“If you took a hockey stick to school now, they’d probably view it as a weapon,” McLellan said, “but back then, we would put them in our lockers and as soon as the bell rang, you’d go outside and play hockey. Every school had an outdoor rink and there could be four different games going on at the same time. After school, you didn’t go home. You went out on the rink. Some kids played in their boots, some in their skates. Instinctually, that gave us a lot of creativity in the game. It wasn’t at all structured. It was just fun.”
If there is a further common thread linking players and officials from small-town Saskatchewan, it is that focus on community.
For years, every social interaction was filtered through the local hockey or curling rink, said King.
“It’s changing quite a bit now, but in the past, the curling rink or the hockey rink usually had a concession stand so in the mornings, people would gather there to have a coffee,” King said. “It gave people a place to socialize. Now that’s been replaced a little bit by Tim Horton’s.
“But when I was a little guy, everyone went to the rink. I lived in Battleford, a little town right across the river from North Battleford, so we – all of us as kids – you had a game either Friday or Saturday in your community and we’d all go. There wasn’t TV like there is now, where you could compare the product, so we thought our level of hockey was the best. We thought our players were like NHL players.”
And if something ever happened to the rink, it could be disastrous for the town. Former NHLer Gord Sherven – one of 48 members of Notre Dame’s Wall of Honor – grew up in Mankota, a small community, where he says he had his own key to the rink.
“Everybody went to the rink in winter because there was nowhere else to go,” Sherven said. “That was the heartbeat of the community. People would go there in the mornings and just sit and watch a hockey game.
“In 2002, the rink in Mankota was condemned – the Centennial Arena, built in 1967 – and they couldn’t get it insured anymore, so they had to tear it down.
“All of a sudden, boom, it seemed like the heart and the pulse of the community was gone. They still had the curling rink, but it wasn’t the same. My brother was still living there at the time and said, ‘We will never be the same town without the arena.’ I mean, they still had an outdoor sheet, but the kids had to go and play for teams in other towns. It was just not the same after they lost the rink.”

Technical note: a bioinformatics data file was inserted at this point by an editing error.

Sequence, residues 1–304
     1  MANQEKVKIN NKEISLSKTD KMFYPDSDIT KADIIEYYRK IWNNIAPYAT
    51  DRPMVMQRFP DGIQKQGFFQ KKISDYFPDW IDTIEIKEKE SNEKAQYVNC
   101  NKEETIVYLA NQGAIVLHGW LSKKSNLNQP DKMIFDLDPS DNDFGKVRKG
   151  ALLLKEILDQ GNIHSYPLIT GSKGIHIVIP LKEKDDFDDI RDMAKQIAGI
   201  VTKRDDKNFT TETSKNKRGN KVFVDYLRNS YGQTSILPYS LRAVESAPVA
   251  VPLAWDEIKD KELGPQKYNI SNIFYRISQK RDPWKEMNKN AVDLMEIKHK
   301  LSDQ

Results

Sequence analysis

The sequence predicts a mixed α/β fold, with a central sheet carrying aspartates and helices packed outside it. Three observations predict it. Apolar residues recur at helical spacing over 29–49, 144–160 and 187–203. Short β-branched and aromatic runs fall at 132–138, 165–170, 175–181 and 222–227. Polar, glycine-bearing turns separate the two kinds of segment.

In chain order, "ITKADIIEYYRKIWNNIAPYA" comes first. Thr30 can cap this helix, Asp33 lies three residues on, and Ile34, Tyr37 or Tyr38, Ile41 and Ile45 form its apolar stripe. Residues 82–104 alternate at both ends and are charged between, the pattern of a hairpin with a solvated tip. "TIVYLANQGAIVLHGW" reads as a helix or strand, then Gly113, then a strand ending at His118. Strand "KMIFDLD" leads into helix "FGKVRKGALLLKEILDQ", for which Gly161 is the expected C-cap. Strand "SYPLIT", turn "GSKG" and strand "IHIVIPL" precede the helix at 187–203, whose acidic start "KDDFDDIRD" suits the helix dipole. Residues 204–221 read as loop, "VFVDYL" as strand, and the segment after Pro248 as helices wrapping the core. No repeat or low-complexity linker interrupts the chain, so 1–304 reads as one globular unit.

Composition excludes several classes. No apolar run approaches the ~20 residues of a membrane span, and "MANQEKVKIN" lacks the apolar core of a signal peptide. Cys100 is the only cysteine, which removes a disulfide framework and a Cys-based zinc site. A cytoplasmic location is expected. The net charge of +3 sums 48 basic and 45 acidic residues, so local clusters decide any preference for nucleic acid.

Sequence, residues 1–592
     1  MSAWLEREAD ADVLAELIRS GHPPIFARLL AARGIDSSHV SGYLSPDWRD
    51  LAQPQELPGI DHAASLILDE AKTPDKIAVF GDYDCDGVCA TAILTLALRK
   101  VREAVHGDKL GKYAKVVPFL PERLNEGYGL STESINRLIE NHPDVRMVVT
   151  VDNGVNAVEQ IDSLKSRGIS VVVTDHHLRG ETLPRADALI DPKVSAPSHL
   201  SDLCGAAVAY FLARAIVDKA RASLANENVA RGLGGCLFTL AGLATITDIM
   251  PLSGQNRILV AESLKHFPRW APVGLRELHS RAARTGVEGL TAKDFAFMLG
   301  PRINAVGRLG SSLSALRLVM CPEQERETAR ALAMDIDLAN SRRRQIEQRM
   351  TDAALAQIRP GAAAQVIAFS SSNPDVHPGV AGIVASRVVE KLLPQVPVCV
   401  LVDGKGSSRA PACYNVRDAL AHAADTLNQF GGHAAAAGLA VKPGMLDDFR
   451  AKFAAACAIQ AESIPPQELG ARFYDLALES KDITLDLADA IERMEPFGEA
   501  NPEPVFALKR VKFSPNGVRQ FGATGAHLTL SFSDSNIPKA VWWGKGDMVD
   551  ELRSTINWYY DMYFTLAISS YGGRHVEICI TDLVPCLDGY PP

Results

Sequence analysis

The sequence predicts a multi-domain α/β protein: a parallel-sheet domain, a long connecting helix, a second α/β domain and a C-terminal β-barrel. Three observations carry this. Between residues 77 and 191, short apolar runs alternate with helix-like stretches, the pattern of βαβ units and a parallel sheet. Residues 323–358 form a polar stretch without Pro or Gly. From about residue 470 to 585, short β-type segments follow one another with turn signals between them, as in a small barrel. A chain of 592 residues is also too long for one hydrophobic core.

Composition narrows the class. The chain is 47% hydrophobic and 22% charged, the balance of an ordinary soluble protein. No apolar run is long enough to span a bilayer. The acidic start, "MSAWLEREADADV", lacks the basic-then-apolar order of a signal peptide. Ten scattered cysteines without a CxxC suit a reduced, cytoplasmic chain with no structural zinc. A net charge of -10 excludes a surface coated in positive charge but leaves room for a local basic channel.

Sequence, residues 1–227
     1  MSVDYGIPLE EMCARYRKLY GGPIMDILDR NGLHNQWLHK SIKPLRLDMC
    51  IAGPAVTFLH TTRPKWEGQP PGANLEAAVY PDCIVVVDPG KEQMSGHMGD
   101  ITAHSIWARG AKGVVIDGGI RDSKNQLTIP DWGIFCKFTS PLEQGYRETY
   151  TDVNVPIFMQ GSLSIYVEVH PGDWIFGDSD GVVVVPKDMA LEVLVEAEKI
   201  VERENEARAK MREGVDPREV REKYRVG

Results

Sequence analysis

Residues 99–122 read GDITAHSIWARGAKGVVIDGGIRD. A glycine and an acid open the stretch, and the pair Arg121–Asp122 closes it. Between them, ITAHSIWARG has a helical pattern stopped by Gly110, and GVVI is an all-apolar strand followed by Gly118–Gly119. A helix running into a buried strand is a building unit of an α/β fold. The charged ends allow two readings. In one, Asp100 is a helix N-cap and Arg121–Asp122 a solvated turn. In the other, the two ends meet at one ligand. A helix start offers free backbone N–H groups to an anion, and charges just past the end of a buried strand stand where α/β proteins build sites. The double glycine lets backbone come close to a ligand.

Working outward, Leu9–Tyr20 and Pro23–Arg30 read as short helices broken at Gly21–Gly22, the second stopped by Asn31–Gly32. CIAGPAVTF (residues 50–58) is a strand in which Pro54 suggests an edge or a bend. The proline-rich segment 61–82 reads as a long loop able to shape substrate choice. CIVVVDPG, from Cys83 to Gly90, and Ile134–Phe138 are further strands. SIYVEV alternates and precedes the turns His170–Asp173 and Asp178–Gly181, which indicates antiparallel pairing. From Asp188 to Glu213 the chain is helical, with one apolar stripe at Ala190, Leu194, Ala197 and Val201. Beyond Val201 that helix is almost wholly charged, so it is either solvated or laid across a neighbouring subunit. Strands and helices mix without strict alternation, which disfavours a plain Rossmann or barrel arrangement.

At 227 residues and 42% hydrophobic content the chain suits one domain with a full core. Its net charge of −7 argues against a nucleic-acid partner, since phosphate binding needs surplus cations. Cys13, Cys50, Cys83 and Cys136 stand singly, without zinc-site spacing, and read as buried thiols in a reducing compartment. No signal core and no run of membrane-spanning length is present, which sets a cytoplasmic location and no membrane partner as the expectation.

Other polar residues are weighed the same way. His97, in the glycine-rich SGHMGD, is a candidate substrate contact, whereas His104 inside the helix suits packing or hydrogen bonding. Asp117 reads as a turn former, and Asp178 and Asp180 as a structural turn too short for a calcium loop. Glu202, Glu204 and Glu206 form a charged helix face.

Some of those Saskatchewan communities were so tiny they had to combine forces with other towns to ice a proper team. In his bantam year, Federko says Foam Lake combined with Kelvington to form a team that played in the provincial B division – which was designed for towns with populations under 2,000.
“Even with the towns combined, we were still under 2,000,” Federko said. “It’s where I got to know Barry Melrose really well. We played together on the same teams and actually won the provincials when I was 13 – our first taste of playing (province-wide).”
Hailing from a too-small town actually helped some players progress faster through the ranks, according to King.
“If a young guy was 12 or 13, and wanted to play competitively, one of two things usually happened,” King said. “Either he might have to go to another community because there might not be enough 12- or 13-year-olds in your community to form a team. Or failing that, you would play up, at a higher age level.
“So, you’d enter a team in a 14-year-old league, but fill out the roster with a lot of 12- and 13-year-olds. For a lot of our young players, that’s how they got so good – because they were playing above their heads, at a young age. That gave them a real kick start, in their development.”
If there is such a thing as an urban hockey tradition in a mostly rural province, it is focused on two cities – Saskatoon (current population 246,376) and Regina (236,481).
Among current NHL players from Regina, the New York Islanders’ Jordan Eberle has perhaps the deepest connection. He was born in Regina in 1990, played his novice for the Regina tier-1 Kings and moved to Wilcox to play one year of bantam as a 14-year-old at Notre Dame.
He was drafted in the seventh round by the Regina Pats, his hometown Western Hockey League team, and after spending one year playing midget hockey in Calgary for the AAA Buffaloes, he spent the next four seasons with the Pats — culminating in 2010, when he was named the Canadian Hockey League player of the year. Eberle, who grew up as a fan of the Oilers, eventually started his NHL career in Edmonton but says a lot of the rural hockey experiences of his peers were also mirrored in his upbringing in the (comparatively) big city.
“In summer, we’d use the community rink for ball hockey, and in winter, they’d flood it when it got cold enough,” Eberle said. “That was close to where I lived so I would say the majority of the outdoor hockey I played was there. But we also had a backyard rink.